Credit Cards, Government Programs, Medical Education
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Cuts in the prime rate have dropped the average bank credit card interest rate to 14.2 percent, reports CardWeb.com, an online publisher of payment card information. That's a substantial decline from December 2000, when the average rate was 16.57 percent. But it hasn't dropped as much as the prime rate, which has sunk since last December from 9.5 to 5 percent.
The biggest reason for the sluggish decline of credit card rates is the increasing use of fixed rates. About 45 percent of bank credit cards now carry fixed rates, compared with less than 20 percent just three years ago. Even variable-rate cards still charge an average of 13.8 percent interest, according to Bankrate.com, a consumer finance network. About a quarter of variable-rate cards have minimum annual rates; others adjust rates only quarterly, which means the latest cuts won't show up until next year.
Those annoying credit card offers that clutter your mailbox are now a little easier to understand. The Federal Reserve Board's revised rules for credit cards require that solicitations clearly disclose the annual percentage rate in large type. Mailings also have to disclose clearly what annual percentage rate you'll pay if you make cash advances or transfer balances from another credit card.
Next year, Social Security and Supplemental Security Income (SSI) benefits will rise 2.6 percent, for an average monthly increase of $22. But that gain will be offset by the increase in Medicare premiums, deductibles, and copays.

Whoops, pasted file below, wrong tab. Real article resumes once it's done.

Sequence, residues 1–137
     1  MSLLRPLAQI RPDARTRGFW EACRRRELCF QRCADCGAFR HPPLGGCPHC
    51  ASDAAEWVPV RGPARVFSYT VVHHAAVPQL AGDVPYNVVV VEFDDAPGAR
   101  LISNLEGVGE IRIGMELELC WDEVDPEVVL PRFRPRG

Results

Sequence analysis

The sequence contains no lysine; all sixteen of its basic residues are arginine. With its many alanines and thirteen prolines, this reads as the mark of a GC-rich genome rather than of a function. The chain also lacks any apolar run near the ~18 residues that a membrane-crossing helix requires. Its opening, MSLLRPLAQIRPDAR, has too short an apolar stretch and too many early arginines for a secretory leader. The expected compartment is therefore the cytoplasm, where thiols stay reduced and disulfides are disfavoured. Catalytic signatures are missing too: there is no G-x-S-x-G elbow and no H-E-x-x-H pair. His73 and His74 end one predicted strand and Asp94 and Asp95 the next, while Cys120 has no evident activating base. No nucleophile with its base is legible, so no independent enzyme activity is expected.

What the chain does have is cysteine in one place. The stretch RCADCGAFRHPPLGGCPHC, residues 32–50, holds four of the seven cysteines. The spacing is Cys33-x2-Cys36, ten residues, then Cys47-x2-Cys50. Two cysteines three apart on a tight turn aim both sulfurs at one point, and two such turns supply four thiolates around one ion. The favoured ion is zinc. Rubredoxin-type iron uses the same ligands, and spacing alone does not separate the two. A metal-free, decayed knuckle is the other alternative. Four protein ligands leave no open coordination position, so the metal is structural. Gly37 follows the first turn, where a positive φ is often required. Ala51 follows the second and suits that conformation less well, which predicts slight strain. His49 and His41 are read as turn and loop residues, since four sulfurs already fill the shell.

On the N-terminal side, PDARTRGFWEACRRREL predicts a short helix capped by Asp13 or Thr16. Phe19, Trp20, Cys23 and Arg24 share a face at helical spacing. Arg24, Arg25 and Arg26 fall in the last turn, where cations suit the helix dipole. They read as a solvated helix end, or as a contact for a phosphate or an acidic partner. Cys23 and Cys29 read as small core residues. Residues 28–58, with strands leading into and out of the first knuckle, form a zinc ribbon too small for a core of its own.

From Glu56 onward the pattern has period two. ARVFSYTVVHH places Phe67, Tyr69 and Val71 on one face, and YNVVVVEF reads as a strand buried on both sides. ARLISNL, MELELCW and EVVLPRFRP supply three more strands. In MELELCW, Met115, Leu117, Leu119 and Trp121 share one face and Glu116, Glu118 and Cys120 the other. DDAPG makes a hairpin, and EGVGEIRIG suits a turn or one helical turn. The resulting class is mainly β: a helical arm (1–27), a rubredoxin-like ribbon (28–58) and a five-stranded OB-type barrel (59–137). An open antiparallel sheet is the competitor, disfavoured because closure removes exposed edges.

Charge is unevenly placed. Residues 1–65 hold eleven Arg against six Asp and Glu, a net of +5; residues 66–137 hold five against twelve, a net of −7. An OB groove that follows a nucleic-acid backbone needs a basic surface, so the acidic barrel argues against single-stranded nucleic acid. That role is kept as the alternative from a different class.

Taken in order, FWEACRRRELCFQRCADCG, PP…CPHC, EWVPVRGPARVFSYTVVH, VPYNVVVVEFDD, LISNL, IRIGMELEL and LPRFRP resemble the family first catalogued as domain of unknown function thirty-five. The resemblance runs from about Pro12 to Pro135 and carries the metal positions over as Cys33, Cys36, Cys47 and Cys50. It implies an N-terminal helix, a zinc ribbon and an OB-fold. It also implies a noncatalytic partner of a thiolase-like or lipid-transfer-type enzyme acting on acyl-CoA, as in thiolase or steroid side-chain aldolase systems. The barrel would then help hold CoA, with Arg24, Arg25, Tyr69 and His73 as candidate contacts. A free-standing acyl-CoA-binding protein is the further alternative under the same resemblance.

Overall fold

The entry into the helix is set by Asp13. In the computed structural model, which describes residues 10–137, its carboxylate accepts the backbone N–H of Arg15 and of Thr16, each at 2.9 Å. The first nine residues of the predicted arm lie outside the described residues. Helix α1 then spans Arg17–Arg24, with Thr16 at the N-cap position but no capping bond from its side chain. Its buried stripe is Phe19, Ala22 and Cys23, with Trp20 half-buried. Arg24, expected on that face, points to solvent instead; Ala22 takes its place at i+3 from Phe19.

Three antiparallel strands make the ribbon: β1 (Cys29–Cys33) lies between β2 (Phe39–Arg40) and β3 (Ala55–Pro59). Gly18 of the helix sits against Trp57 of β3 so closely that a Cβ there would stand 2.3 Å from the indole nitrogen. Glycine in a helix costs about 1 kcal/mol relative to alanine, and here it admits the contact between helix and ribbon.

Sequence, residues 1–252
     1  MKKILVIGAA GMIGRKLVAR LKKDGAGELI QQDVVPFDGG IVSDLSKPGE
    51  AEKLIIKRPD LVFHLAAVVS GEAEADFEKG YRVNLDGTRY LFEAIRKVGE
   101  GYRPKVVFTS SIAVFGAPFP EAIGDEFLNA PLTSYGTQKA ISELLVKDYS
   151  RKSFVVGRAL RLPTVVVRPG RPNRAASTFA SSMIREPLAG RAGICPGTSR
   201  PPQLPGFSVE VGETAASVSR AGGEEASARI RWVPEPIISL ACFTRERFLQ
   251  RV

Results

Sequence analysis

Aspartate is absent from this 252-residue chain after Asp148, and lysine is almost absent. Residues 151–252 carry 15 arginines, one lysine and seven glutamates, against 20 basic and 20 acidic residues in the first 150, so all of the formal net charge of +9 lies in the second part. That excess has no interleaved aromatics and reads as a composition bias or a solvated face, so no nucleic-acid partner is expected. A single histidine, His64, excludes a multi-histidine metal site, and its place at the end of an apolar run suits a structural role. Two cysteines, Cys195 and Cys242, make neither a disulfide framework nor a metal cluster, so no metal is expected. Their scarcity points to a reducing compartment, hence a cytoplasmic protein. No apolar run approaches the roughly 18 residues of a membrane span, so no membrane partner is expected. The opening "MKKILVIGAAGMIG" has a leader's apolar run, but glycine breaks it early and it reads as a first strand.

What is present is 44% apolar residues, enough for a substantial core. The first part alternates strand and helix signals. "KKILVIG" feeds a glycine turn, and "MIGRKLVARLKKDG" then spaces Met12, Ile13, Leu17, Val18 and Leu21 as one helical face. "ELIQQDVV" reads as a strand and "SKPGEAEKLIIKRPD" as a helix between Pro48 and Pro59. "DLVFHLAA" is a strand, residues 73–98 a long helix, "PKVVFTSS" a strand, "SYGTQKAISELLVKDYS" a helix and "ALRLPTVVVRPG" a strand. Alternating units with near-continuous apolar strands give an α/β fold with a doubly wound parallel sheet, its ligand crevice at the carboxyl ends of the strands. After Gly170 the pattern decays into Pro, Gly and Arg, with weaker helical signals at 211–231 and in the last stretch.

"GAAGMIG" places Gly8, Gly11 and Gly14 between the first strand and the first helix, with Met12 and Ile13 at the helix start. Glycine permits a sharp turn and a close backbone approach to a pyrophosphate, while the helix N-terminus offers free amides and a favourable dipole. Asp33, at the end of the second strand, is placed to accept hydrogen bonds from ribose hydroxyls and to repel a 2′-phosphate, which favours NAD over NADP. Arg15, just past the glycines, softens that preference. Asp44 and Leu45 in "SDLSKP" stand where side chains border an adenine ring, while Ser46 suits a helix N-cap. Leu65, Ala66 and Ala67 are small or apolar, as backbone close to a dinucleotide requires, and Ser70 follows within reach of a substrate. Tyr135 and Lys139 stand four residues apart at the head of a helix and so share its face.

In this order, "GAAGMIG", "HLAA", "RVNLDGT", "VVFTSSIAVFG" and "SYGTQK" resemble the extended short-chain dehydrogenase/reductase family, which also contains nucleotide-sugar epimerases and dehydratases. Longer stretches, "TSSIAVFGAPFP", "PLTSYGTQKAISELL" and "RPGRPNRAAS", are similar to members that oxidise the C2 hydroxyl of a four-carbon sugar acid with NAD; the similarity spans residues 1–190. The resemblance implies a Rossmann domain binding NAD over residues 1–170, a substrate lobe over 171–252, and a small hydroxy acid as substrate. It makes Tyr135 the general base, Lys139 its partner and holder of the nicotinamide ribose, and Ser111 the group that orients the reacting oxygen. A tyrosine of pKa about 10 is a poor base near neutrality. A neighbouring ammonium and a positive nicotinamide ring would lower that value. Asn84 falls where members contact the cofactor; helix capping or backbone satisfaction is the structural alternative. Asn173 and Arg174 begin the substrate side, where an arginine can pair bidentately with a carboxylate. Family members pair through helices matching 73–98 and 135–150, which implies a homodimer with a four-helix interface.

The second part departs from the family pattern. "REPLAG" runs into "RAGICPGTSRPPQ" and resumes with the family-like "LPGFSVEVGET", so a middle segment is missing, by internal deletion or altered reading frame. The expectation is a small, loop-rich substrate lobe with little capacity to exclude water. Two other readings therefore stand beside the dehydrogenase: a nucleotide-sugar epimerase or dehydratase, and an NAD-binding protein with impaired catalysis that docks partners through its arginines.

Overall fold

Medicare beneficiarieswho are obligated under the law to pick up 25 percent of Part B spendingwill pay $54 a month, up from this year's $50. They'll also pay a higher deductible ($812 vs $792) for inpatient services, and an additional $5 to $10 a day for hospital stays exceeding 60 days. The Part A premium, paid by an estimated 392,000 beneficiaries, will increase by $19, to $319.
If topnotch physicians need both compassion and technical skills, medical schools may have to change their selection criteria, says Jordan J. Cohen, president of the Association of American Medical Colleges.
MCAT scores and GPAs should be used only as threshold measures, Cohen contends. He suggests that admissions officers seek out students with a deep-seated social awareness and those who have triumphed over adversity or made personal sacrifices for the benefit of others. And once those altruistic prospects have entered the system, Cohen warns, medical educators will have to take care not to do destroy their motivation by emphasizing objectivity and detachment.
Yvonne Wollenberg. ONLINE News Briefs.